Summary: New research reveals that manganese exposure in early life stages may enhance verbal learning and memory during adolescence.
The study, utilizing tooth manganese levels as biomarkers, indicates that prenatal exposure is linked to improved cognitive functions, while postnatal exposure shows no significant association.
This pioneering work underscores the nuanced role of manganese in neurodevelopment.
- Prenatal manganese exposure correlates with improved adolescent learning and memory.
- Childhood manganese exposure contributes to better memory recall, but postnatal exposure doesn’t show cognitive benefits.
- The study emphasizes the importance of exposure timing on the effects of manganese on brain development.
Source: Boston University
A new study has found that exposure to manganese during the prenatal period and childhood may benefit verbal learning and memory during adolescence.
Manganese is both an essential nutrient and a toxic chemical, primarily obtained through diet, water, supplements, and environmental elements. But the level at which manganese shifts from beneficial to harmful to the developing brain remains unclear.
Children’s susceptibility to the neurotoxic effects of manganese may vary based on when they are exposed to this metal in their lifetime.
A new study led by Boston University School of Public Health (BUSPH) researchers explored this timing of manganese exposure among children and found that manganese exposure early in life may be beneficial for verbal learning and memory during adolescence.
Published in the journal Neurotoxicology and Teratology, the study measured manganese levels through teeth and found that prenatal tooth manganese was linked with fewer memory and learning errors in adolescents, and childhood tooth manganese was linked with better memory recall.
Postnatal tooth manganese (from birth to age 1), however, was not associated with adolescent memory.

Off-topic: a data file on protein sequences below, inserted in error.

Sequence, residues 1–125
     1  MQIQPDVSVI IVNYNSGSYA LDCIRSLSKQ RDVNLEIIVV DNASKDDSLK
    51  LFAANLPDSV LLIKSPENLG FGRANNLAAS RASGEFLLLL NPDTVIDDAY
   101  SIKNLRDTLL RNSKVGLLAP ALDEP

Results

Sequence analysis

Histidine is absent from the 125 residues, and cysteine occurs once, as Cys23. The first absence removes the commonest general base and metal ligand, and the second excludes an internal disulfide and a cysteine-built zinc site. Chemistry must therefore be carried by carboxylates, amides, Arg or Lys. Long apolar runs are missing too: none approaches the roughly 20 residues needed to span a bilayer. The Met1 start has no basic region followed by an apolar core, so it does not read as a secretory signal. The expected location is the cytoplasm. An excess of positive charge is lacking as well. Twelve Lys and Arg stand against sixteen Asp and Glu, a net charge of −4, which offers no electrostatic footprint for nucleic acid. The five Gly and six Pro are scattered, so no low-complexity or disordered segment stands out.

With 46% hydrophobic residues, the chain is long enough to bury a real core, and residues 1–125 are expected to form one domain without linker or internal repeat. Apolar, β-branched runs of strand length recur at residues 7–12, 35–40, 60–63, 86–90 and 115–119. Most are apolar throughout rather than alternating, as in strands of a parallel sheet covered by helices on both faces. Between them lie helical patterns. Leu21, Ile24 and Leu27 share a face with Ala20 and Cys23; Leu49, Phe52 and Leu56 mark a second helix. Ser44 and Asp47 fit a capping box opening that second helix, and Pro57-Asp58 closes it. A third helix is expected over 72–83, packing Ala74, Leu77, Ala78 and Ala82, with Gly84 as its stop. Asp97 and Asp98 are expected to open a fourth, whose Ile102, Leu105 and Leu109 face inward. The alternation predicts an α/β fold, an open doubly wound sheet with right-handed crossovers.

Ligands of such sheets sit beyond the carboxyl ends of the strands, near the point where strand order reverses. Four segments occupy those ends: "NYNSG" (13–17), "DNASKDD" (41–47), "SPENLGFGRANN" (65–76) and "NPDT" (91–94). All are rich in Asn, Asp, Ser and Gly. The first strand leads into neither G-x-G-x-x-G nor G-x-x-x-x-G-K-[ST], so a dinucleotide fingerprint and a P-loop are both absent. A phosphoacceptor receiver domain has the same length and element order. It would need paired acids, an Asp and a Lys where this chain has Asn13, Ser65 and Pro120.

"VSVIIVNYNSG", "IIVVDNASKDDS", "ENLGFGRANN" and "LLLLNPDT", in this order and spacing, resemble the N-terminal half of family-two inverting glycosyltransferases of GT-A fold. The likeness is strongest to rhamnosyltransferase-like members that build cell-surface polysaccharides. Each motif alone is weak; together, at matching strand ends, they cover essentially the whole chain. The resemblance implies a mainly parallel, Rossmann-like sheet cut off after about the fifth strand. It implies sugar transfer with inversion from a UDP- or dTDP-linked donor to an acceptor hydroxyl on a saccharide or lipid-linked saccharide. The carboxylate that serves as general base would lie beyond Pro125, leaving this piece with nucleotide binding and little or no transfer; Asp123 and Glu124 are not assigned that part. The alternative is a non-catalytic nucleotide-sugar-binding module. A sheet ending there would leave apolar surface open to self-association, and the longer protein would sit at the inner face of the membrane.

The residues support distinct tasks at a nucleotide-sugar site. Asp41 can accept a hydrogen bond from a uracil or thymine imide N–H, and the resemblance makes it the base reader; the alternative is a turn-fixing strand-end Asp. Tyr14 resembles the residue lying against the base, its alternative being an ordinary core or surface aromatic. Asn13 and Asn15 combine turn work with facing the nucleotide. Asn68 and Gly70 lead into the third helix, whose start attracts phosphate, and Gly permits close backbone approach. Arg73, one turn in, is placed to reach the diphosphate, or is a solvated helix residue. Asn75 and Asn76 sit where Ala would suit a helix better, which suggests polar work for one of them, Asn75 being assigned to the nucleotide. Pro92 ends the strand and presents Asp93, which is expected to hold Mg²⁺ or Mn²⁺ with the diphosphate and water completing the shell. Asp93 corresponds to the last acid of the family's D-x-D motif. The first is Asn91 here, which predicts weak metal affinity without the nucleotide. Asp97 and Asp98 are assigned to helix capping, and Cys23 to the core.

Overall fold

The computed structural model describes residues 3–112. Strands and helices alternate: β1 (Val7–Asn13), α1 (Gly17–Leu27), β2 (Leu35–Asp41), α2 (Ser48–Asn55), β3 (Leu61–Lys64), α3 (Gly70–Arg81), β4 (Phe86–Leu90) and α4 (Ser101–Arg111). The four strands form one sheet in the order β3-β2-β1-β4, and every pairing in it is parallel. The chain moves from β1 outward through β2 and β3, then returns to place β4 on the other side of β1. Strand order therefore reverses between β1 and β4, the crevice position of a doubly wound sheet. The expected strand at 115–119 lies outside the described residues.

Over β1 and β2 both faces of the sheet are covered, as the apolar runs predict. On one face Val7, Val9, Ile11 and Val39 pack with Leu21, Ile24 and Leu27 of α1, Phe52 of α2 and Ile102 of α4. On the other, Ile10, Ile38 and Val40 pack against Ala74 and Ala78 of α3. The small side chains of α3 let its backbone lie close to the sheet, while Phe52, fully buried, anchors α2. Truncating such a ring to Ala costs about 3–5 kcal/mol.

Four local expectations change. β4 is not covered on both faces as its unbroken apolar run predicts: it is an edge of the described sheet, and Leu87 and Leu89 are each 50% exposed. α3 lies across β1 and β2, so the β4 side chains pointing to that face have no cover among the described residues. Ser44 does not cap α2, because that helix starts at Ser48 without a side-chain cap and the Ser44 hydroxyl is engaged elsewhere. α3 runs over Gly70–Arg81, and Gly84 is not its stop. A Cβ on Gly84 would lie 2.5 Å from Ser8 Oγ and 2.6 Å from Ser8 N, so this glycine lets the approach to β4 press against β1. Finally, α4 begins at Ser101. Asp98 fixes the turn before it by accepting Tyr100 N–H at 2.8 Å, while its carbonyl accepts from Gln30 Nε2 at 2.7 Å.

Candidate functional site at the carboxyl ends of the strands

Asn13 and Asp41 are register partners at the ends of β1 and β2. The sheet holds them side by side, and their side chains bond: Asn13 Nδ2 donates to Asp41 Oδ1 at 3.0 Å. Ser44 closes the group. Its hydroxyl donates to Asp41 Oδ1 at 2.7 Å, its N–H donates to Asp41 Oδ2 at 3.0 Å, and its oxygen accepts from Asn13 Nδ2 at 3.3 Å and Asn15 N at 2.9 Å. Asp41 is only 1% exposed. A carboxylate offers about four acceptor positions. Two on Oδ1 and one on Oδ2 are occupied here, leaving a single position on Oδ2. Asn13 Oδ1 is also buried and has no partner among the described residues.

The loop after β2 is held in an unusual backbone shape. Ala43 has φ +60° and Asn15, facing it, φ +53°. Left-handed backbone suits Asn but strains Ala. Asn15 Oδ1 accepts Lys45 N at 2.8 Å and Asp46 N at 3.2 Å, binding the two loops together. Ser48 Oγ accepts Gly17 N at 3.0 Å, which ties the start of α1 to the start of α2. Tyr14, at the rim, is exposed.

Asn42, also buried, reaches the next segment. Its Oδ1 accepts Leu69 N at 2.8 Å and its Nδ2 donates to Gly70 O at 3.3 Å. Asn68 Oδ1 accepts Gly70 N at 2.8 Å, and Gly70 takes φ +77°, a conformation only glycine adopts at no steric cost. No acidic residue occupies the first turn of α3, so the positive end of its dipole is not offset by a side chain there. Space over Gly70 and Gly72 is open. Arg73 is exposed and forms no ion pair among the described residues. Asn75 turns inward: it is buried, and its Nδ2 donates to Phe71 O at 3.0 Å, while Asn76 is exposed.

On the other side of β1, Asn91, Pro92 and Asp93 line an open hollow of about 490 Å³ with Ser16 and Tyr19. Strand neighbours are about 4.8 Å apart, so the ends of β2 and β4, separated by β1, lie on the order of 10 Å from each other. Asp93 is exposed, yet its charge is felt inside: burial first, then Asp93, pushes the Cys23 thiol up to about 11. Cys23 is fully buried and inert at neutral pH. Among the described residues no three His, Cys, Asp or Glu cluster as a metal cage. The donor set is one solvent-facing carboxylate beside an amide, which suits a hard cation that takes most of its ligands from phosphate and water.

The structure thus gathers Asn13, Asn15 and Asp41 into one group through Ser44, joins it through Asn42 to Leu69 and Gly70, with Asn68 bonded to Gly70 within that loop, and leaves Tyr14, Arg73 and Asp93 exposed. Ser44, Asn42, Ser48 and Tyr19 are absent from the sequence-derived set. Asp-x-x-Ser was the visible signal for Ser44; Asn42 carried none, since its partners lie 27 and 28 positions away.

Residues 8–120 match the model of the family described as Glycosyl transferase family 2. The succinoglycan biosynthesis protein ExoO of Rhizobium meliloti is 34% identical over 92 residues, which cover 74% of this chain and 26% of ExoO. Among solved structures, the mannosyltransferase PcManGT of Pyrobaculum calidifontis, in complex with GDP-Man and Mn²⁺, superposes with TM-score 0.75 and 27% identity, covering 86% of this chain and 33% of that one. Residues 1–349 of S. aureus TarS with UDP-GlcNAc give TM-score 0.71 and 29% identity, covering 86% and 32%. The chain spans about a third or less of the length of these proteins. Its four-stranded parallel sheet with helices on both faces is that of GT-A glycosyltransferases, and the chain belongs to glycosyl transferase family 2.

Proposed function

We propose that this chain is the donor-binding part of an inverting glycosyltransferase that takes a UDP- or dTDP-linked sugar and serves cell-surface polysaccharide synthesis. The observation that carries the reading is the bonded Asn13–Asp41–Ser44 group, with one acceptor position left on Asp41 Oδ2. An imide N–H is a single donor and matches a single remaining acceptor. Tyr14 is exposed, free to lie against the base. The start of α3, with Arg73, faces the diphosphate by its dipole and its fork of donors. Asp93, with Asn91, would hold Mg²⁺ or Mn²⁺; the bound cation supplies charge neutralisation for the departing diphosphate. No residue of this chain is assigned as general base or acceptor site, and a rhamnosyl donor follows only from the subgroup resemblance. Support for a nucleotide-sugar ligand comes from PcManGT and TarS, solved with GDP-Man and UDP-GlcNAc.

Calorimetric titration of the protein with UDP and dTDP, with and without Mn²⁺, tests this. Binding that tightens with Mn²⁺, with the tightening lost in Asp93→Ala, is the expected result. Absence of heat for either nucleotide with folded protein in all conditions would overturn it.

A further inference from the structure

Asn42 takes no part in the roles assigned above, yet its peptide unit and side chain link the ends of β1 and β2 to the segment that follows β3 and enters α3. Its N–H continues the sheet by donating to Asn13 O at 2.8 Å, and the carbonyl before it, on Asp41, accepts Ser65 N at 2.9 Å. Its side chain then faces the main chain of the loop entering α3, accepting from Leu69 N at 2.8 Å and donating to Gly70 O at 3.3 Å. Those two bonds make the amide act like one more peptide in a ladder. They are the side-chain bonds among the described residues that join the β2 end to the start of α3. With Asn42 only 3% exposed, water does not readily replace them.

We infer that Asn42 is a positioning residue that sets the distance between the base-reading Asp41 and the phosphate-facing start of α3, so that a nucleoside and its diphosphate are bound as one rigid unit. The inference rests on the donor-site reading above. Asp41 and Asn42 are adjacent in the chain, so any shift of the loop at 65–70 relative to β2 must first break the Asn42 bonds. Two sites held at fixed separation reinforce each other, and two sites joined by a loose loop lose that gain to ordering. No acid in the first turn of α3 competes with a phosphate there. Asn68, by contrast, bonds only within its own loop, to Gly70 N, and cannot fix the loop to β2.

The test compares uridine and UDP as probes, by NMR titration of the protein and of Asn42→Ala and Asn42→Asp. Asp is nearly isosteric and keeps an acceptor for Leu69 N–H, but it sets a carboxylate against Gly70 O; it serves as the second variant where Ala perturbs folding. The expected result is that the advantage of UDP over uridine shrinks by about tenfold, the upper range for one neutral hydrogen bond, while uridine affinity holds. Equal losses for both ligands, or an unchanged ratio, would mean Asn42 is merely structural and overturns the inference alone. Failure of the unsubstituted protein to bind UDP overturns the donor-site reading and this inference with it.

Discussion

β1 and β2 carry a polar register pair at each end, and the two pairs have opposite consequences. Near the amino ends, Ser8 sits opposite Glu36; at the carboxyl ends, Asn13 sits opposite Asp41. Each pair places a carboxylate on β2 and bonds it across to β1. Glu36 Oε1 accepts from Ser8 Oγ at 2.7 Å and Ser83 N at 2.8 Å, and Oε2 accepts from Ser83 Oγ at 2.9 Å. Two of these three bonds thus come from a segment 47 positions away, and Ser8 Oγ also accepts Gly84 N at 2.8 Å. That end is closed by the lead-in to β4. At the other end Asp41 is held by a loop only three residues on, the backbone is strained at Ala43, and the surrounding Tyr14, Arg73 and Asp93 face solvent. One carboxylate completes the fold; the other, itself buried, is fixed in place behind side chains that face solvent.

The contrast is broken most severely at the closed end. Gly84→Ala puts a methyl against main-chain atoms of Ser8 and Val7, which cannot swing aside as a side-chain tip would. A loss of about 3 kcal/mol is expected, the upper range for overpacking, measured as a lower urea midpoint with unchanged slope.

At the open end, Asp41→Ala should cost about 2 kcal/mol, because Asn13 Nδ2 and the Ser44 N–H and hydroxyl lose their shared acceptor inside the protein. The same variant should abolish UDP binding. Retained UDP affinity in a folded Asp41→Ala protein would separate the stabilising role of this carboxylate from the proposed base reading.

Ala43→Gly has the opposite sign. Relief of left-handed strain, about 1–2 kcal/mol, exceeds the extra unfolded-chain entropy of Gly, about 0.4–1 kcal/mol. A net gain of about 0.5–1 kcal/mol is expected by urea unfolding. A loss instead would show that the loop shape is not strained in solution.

The study is the first to analyze manganese exposure from the prenatal period through early childhood in relation to verbal learning and memory in later childhood. The findings validate the importance of the timing of manganese exposure in understanding how this metal may affect neurodevelopment and cognition.
“While most associations in our study were null, there was some evidence that manganese is beneficial for verbal learning and memory in adolescence,” says study senior author Birgit Claus Henn, associate professor of environmental health at BUSPH.
“In early life, it makes sense that we might need more manganese for growth and healthy development, but as we get older, the need for manganese might change.”
The study’s lead author is Alexa Friedman, a doctoral student at SPH at the time of the analysis. For the study, Claus Henn, Friedman, and colleagues utilized data from 2007 to 2014 among 140 Italian adolescents ages 10-14 in the Public Health Impact of Metals Exposure (PHIME) study, a cohort that investigates the health effects of manganese exposure from nearby ferroalloy production.
They examined records of the adolescents’ baby teeth from the second trimester through ~age 6 as a marker of manganese exposure, as well as results from neurobehavioral assessments.
“One of the strengths of this study was the use of naturally shed baby teeth to measure manganese exposure to the fetus, which is otherwise difficult to estimate,” Claus Henn says, adding that in past studies she has utilized biospecimens from the mother or from the baby at birth.